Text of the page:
19. This is the reason you couldn't launch a shuttle "due west" from Vandenberg into an equatorial orbit, going the "opposite way" (retrograde orbit), which of course going the opposite way would make it impossible to rendezvous with a space station in a "normal" equatorial orbit anyway). SO, the Air Force DID have their SLC-6 shuttle launch facility at Vandenberg, and even had plans for their OWN shuttle orbiter (apart from NASA's fleet of orbiters, eventually) and justified all this with some rather, "exotic" shall we say, plans and missions-- everything from the "once around" spy-sat missions previously mentioned, to flying Air Force astronauts up to rendezvous and perform inspections and even sabotage other countries spy-satellites in orbit-- measuring and assessing their capabilities to detect and film US military installations, or even blow up, capture, or sabotage enemy spy-sats... one suggestion was doing "space graffiti" and simply spray painting the lenses on their spy camera's with black spray paint, so they couldn't film the US military installations, ruining the spy-sats. (Of course the ramifications of this were glossed over-- enemy nations WOULD have retaliated against US spy-sats in kind; if they couldn't "sabotage" them in the same way they'd simply launch missiles at them to blow them up... this would have created a HUGE foreign policy disaster and heated up the Cold War immeasurably... In fact many think that Eisenhower SPECIFICALLY ALLOWED the Soviets to launch their Sputnik *first* in 1957 in order to establish the "open skies" principle when it came to orbiting spacecraft, which it did, since the US did not "protest" the overflight of its territory by the Soviet satellite-- thus paving the way for overflights by spy-satellites to be also "legal" in terms of international law and affairs). In actuality, the SLC-6 shuttle launch facility at Vandenberg was YEARS behind schedule and hugely over-budget, though it was finally "ready" to launch a shuttle in early 1986-- in fact the next launch after the "Challenger" mission that blew up at the end of January 1986 was SUPPOSED to be the inaugural shuttle launch out of SLC-6 at Vandenberg into polar orbit. Many were afraid that, given the lessons learned and changes required at Kennedy Space Center for the shuttle launches, due to acoustic damage caused to the orbiter at liftoff, that insufficient precautions and changes had been made at SLC-6 and the shuttle could be fatally damaged on launch out of Vandenberg.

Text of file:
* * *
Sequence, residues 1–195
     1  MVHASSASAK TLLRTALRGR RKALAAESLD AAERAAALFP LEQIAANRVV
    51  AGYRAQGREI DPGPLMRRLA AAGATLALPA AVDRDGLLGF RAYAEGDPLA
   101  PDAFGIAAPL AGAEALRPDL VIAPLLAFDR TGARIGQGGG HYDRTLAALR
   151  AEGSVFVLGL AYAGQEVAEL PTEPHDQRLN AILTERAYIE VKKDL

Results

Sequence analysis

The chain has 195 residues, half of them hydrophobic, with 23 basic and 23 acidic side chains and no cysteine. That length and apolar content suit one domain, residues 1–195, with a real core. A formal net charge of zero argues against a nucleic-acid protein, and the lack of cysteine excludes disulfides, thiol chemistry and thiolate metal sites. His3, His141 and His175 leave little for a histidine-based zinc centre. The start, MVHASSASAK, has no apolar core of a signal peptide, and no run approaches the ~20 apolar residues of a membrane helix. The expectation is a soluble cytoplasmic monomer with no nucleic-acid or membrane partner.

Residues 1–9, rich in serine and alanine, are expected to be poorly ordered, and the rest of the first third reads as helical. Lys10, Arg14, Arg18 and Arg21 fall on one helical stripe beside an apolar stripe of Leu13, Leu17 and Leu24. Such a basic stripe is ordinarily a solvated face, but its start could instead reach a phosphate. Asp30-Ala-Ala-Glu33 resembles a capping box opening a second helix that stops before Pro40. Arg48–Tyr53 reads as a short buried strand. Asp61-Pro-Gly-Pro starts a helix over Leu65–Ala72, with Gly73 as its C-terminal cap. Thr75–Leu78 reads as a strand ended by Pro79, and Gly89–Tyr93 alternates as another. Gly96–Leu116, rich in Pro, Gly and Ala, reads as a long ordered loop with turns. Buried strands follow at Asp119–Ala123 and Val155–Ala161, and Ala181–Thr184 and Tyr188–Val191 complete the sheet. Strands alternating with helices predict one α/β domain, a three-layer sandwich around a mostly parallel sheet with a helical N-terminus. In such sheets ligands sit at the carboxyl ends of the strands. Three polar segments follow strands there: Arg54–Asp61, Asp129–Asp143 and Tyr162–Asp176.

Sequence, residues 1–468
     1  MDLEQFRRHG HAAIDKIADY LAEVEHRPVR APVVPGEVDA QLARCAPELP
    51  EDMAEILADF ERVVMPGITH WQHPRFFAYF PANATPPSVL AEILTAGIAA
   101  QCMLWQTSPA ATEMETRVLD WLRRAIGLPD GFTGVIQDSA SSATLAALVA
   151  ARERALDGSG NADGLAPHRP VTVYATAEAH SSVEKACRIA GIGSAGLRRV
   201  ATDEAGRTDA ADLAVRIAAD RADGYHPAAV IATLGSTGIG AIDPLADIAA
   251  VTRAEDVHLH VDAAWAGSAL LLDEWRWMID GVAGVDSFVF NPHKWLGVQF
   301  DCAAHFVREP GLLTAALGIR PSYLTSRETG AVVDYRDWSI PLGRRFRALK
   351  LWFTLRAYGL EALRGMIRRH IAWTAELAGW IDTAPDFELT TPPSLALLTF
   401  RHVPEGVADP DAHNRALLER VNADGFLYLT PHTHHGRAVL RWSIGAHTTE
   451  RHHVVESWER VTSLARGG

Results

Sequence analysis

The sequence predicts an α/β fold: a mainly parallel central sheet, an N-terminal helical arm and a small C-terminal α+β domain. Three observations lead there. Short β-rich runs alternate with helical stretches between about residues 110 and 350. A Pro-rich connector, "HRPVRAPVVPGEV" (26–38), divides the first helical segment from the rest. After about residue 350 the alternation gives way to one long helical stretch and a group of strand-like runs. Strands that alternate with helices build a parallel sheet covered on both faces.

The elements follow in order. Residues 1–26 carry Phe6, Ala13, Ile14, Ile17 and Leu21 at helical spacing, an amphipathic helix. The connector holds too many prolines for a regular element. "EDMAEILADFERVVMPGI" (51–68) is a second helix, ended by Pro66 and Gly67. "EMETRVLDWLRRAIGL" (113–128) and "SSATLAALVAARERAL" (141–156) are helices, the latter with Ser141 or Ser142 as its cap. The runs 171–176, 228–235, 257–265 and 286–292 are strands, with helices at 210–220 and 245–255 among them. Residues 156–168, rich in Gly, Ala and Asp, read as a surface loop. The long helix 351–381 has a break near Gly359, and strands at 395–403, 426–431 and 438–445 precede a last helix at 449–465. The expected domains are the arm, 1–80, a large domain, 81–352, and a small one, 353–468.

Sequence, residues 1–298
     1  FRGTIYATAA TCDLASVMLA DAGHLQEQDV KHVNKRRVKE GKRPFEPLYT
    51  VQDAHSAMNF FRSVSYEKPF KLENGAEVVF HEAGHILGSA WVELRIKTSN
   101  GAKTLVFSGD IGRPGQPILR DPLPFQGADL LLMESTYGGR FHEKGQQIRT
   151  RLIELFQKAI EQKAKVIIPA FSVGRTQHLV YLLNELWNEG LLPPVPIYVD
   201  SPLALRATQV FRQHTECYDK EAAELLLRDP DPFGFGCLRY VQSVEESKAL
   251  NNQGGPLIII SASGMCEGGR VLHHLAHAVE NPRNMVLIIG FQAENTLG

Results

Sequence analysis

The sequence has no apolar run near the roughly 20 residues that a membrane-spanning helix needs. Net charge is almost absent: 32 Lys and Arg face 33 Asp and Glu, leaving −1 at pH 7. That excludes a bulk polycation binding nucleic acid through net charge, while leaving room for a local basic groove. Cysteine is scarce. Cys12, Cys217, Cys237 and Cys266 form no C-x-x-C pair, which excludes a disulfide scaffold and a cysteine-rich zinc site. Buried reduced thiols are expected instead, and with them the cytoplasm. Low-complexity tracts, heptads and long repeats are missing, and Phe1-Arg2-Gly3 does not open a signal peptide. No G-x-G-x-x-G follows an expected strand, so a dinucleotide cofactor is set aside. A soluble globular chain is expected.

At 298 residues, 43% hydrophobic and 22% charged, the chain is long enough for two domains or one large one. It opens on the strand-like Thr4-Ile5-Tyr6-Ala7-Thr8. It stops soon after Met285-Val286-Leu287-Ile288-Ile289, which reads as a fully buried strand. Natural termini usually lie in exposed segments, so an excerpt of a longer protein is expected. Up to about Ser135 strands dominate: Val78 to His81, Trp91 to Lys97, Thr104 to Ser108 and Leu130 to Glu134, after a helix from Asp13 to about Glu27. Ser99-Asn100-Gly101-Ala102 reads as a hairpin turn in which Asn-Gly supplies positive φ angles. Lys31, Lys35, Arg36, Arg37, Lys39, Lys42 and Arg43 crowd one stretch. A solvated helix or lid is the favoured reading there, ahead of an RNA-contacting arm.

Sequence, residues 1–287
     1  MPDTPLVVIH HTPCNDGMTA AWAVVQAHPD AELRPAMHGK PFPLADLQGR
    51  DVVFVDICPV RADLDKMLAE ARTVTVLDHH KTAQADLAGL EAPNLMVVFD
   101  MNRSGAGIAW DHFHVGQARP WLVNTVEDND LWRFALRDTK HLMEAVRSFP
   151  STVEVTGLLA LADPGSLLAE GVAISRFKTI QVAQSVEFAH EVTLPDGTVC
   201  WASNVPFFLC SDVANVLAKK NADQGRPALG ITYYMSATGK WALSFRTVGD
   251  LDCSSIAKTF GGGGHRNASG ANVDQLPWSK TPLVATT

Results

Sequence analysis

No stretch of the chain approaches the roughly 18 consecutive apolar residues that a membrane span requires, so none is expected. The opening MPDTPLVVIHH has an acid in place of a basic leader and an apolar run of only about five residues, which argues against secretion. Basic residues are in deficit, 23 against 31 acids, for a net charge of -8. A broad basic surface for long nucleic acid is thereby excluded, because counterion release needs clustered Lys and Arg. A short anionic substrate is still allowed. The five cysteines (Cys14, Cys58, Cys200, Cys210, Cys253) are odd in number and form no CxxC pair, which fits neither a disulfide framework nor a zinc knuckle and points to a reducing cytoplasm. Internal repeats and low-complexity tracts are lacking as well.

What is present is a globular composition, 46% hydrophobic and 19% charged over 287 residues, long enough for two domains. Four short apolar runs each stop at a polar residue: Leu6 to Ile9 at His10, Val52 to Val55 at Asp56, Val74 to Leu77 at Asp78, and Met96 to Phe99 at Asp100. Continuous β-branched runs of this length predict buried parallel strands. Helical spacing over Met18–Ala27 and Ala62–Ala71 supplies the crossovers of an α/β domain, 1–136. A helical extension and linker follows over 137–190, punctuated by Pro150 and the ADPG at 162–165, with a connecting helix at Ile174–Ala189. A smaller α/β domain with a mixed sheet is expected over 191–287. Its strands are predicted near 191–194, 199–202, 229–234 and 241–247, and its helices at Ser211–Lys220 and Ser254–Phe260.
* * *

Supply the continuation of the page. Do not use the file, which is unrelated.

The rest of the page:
More to come! OL J R :)

    1. "and justified all this with some rather, "exotic" shall we say, plans and missions" -- Hmm ... very intriguing. Sound like basically a bunch of Space 007s.

      "one suggestion was doing "space graffiti" and simply spray painting the lenses on their spy camera's with black spray paint, so they couldn't film the US military installations, ruining the spy-sats" -- I kid you not, this sounds like the kind of thing Ian Fleming would have come up with. Not as a novelist, but as a special-services operative and consultant.

      "In fact many think that Eisenhower SPECIFICALLY ALLOWED the Soviets to launch their Sputnik *first* in 1957 in order to establish the "open skies" principle when it came to orbiting spacecraft" -- Fascinating!